22 August 2023
A series of themed weeks on BBC Radio 4’s Farming Today has continued with the programme using this week to examine salad production.
To kick off the week, they spoke with Professor Jim Monaghan, Director of the Fresh Produce Research Centre, who set out the current state of play for the sector – and the issues farmers face getting salad onto our plates.
He said: “The decisions that growers are making are about three months out from when they harvest it.
“If you think that for peak sales – which are usually end of May, June - they might be harvesting 20 million lettuce in the UK – so you have had to plan that all three months before, and you can’t plan on the old weather patterns.
“So I think the take home message is they are having to be more resilient, they are having to over-plan, and they are having to have really good relationships with their retailers, where they will cover some of that potential financial loss.”
Professor Monaghan agree that changes in weather patterns were likely to hit production not only in the UK, but across Europe, and added: “I am not a climate scientist but I trust those who are, and I think that is what is going to happen.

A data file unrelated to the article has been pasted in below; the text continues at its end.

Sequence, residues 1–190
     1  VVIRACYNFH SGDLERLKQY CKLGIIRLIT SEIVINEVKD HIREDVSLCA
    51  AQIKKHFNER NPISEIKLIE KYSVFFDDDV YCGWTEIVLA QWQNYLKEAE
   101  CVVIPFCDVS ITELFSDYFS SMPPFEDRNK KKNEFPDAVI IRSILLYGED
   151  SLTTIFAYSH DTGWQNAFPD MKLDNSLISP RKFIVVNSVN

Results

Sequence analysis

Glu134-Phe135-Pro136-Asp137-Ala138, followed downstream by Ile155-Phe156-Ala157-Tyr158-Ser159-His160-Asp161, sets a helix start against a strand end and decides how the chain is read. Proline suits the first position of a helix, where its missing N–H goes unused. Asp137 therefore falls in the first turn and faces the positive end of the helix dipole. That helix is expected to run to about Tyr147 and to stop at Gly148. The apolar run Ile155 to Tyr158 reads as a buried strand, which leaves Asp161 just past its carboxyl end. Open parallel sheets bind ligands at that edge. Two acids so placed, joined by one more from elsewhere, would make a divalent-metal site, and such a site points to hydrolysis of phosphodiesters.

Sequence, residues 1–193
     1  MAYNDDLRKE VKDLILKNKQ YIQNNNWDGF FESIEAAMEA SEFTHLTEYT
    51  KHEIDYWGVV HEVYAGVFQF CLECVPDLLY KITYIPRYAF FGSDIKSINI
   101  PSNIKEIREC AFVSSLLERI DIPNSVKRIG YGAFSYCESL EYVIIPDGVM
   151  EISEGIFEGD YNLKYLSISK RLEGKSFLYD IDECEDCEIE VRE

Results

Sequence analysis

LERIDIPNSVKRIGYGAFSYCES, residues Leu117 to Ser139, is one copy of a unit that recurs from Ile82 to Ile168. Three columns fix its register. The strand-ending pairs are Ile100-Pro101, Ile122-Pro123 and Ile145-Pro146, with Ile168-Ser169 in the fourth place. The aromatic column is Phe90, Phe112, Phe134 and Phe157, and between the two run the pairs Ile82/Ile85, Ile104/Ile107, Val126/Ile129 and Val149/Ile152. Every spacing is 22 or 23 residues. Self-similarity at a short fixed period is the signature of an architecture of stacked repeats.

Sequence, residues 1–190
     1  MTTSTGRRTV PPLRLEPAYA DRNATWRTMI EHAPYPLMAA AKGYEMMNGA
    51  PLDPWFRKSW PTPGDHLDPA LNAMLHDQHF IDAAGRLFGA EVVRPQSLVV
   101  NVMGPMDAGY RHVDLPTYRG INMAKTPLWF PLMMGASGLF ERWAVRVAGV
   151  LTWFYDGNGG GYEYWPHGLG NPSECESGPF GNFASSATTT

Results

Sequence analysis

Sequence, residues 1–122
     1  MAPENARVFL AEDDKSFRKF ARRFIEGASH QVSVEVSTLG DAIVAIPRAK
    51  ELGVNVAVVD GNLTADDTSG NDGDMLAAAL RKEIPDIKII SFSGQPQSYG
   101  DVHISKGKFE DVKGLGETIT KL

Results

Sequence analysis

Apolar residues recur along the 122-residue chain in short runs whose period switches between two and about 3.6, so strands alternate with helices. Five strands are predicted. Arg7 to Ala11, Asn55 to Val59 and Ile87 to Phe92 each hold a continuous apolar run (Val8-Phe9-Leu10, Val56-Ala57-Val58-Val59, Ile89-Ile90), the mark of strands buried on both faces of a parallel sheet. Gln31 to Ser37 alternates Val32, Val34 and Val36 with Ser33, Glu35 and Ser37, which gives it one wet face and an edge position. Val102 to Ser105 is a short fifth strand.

“We’ve been sitting here, bemoaning the cool, damp weather; you didn’t have to go that far, and you are into good lettuce growing areas in Southern France, Spain, Italy, where they have been having record high temperatures - where it would not be possible to be growing the crops.”
And while he noted the growing potential of vertical farming – with salad now on sale being grown in vertical farms – he added that, at present, it was not going to be able to meet the capacity of farmers currently growing outdoors.
He added: “Energy costs recently have really been super challenging for vertical farming business. There are some really good businesses that are developing and I see that you can now get some vertically farmed bag salads on major retailers’ shelves.
“I’m not convinced, yet, that they can pick up the volumes that you’re talking about from the big lettuce growers we have in the East of England, we have around Shropshire and also up in Southport in Lancashire – as they get their sunlight for free.
“Admittedly, they also get their rainfall for free – and that’s not what they always want!”